Buzz for 'Wild' Builds at Telluride Film Festival

Reese Witherspoon hits the trail in the adaptation of Cheryl Strayed's PCT memoir. Our man gives his early review.
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Reese Witherspoon hits the trail in the adaptation of Cheryl Strayed's PCT memoir. Our man gives his early review.

Lines were long and praise was high for 'Wild' at the Telluride Film Festival over Labor Day weekend. Headlining the mountain festival’s opening night, the film's first two showings were standing room only and extra screenings had to be added due to demand.

The highly anticipated movie, an adaptation of the eponymous memoir by Portland, Oregon-based author Cheryl Strayed, recounts Strayed’s 1100-mile solo trek on the Pacific Crest Trail at age 26. Reese Witherspoon stars as Strayed and attended the premiere along with co-star Laura Dern and the film's director, Jean-Marc Vallee.

After the debut, both the crowds and movie tabloids were abuzz. Before the second screening in the packed 650-seat Palm Theater, Strayed walked down the aisle to speak with a small group and said, “Have you seen the rave reviews online?” Indeed, Varietycalled Witherspoon's performance a “tour de force." The Hollywood Reporter was equally enthusiastic, writing that the film "seems sure to figure in this year’s awards race." In previous years, Telluride acclaim has served as an Oscars springboard for hits such as Gravity, Slumdog Millionaire, Juno, and Argo.

Just before the lights dimmed in Palm Theater, Vallee took the mike and confided how he, Witherspoon, Dern and Strayed had spent the morning. They all went for a hike together. He also quipped: “I tried my new boots today and I got two blisters.”

(They don’t give Oscars for best scenery or for best backpack, but if they did, the Pacific Crest Trail and the Witherspoon’s pack, nicknamed “Monster,” would have the inside track for the gold statuette. In the opening scene, Witherspoon convincingly spends almost five minutes just trying to get upright with Monster on her back.)

The Telluride Film Festival is also known for the opportunities for close contact with stars, producers and directors. The day after the premiere, there was an intimate Q&A with Witherspoon, Dern, Vallee and Strayed. Here are a few choice highlights:

Q: I want to touch on your relationship with your backpack...

Reese Witherspoon: Being in the movies for so many years, I thought, I’m not going to put anything in the backpack...It pulls on your shoulders. It has a life of its own. I talked him down from 75 pounds to 60.

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Cheryl Strayed: I was on the set one day and I needed to have my make up touched up. I went to the make up department and they said, “I’m sorry, we only have dirt and blood."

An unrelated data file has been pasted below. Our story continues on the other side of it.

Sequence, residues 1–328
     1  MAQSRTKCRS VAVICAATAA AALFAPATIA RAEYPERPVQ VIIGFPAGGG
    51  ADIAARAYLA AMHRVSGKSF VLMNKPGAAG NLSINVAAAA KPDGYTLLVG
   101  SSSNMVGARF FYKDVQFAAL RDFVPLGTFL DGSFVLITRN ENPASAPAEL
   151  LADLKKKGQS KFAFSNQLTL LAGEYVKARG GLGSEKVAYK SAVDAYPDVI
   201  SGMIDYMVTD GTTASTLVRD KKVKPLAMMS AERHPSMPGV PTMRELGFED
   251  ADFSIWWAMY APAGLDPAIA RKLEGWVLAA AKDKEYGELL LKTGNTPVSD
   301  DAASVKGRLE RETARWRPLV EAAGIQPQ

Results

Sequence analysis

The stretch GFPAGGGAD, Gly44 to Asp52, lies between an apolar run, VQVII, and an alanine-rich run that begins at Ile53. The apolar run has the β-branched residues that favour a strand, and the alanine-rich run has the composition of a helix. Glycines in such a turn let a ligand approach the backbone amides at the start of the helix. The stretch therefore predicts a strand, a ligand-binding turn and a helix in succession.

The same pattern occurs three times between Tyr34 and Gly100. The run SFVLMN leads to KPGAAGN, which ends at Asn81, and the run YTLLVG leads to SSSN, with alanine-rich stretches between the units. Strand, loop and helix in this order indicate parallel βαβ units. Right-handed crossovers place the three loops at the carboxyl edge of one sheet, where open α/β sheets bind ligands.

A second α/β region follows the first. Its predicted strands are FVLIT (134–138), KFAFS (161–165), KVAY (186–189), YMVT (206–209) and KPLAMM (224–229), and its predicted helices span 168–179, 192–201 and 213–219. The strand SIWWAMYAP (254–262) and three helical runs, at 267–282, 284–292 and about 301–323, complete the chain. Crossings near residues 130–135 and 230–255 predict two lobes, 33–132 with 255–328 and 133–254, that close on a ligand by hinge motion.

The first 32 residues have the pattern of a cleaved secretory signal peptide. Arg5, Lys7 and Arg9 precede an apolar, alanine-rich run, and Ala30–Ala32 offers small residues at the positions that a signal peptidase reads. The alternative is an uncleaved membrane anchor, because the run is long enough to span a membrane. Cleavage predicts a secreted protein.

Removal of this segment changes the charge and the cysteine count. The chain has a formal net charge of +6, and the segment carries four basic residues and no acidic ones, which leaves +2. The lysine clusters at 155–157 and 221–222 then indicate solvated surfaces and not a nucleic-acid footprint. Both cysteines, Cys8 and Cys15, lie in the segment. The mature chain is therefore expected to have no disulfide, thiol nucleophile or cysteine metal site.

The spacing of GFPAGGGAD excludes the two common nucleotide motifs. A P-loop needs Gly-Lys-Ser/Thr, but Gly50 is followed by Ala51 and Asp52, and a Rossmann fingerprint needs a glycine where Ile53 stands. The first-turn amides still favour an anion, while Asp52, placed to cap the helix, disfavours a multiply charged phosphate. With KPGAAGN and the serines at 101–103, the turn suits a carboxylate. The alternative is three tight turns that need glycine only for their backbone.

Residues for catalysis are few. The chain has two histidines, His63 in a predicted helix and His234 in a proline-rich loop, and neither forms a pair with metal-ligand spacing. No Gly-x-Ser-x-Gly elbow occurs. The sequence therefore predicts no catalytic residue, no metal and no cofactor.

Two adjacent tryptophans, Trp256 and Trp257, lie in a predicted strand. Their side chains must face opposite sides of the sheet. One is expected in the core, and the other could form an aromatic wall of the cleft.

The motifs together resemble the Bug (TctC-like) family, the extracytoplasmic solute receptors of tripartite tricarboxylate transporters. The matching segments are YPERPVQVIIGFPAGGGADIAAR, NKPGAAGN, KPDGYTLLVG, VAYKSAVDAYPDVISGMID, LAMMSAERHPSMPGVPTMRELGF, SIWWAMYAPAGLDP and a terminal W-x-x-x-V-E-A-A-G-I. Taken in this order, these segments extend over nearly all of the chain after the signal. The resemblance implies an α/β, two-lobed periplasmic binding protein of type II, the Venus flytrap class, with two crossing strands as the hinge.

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CS: On the set, Jean-Marc would call out, “Cheryl.” And both Reese and I would turn our heads. We’d say, “Who do you want? Which Cheryl?”

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Q: Your daughter plays you in the flashbacks in the movie. She’s eight now. What was that like being on the set with your daughter playing you at a young age?

CS: It was tremendously moving. My daughter is named after my mother Bobbi. That is the loss that keeps on losing. When my kids were born I had another era of grief. My mother never got to meet her grandchildren. … When Bobbi was cast as Cheryl I thought she will get to meet the grandmother she would never get to meet.

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RW (asked about filming the off-the-trail flashbacks): “One day I am doing heroin, the next day I am doing explicit scenes and then the third day my mother was dying. It was definitely the hardest movie I ever made.”

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Q: What was it like to see the film yesterday?

CS: It was a singular day, up there with the your wedding day, the days your kids were born, the day your first book was published, the day the movie of your life premieres. That kind of thing...Seeing it in front of an audience, I cried harder than I ever had.

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Q: When did you start crying?

CS: At the credits. I started when it said, "Fox Searchlight presents."

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RW: I dreamed about making this movie and I said to [film co-producer] Bruna, “If we can pull this off, this will be the first movie that I know of in history—I grew up as little girl loving movies—but never in my twenty years of making movies, have I ever read a script where at the end, the woman is alone, no man, no money, no job, no opportunities, no house, no car, and it’s a happy ending. I think that is revolutionary.

Wild opens nationwide December 5.